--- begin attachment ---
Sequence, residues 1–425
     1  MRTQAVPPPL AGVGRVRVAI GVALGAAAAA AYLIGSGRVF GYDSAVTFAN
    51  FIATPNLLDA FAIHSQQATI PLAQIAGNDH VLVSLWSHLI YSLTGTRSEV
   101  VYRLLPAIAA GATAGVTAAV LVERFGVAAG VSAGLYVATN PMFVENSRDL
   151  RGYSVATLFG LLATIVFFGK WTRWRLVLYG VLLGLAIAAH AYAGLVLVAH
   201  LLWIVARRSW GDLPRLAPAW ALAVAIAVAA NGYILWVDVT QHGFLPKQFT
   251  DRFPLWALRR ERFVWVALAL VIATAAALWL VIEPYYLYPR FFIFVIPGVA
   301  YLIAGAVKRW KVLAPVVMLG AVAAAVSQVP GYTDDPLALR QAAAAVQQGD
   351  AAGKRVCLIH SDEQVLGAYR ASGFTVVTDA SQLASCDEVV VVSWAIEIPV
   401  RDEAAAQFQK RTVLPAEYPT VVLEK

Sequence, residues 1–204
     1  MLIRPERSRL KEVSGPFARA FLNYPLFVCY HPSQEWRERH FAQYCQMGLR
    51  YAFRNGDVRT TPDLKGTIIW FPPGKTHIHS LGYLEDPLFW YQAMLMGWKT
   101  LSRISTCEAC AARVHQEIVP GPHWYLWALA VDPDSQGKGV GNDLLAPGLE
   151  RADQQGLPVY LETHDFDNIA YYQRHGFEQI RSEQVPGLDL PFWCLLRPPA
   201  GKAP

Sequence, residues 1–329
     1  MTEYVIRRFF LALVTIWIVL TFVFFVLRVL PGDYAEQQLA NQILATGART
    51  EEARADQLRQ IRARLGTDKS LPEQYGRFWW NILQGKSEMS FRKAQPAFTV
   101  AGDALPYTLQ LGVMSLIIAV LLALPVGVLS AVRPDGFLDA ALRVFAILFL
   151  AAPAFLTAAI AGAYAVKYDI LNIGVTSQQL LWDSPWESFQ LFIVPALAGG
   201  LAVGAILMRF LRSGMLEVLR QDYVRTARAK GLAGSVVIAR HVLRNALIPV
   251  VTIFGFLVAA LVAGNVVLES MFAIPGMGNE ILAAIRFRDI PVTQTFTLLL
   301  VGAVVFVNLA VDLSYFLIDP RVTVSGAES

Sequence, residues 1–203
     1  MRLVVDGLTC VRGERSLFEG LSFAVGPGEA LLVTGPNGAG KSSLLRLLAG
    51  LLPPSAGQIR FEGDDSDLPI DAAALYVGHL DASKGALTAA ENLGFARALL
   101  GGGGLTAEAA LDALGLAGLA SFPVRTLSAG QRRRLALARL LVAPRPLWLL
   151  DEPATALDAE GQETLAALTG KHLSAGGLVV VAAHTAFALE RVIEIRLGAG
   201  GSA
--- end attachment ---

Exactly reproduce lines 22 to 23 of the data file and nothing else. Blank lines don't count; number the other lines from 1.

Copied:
   201  LAVGAILMRF LRSGMLEVLR QDYVRTARAK GLAGSVVIAR HVLRNALIPV
   251  VTIFGFLVAA LVAGNVVLES MFAIPGMGNE ILAAIRFRDI PVTQTFTLLL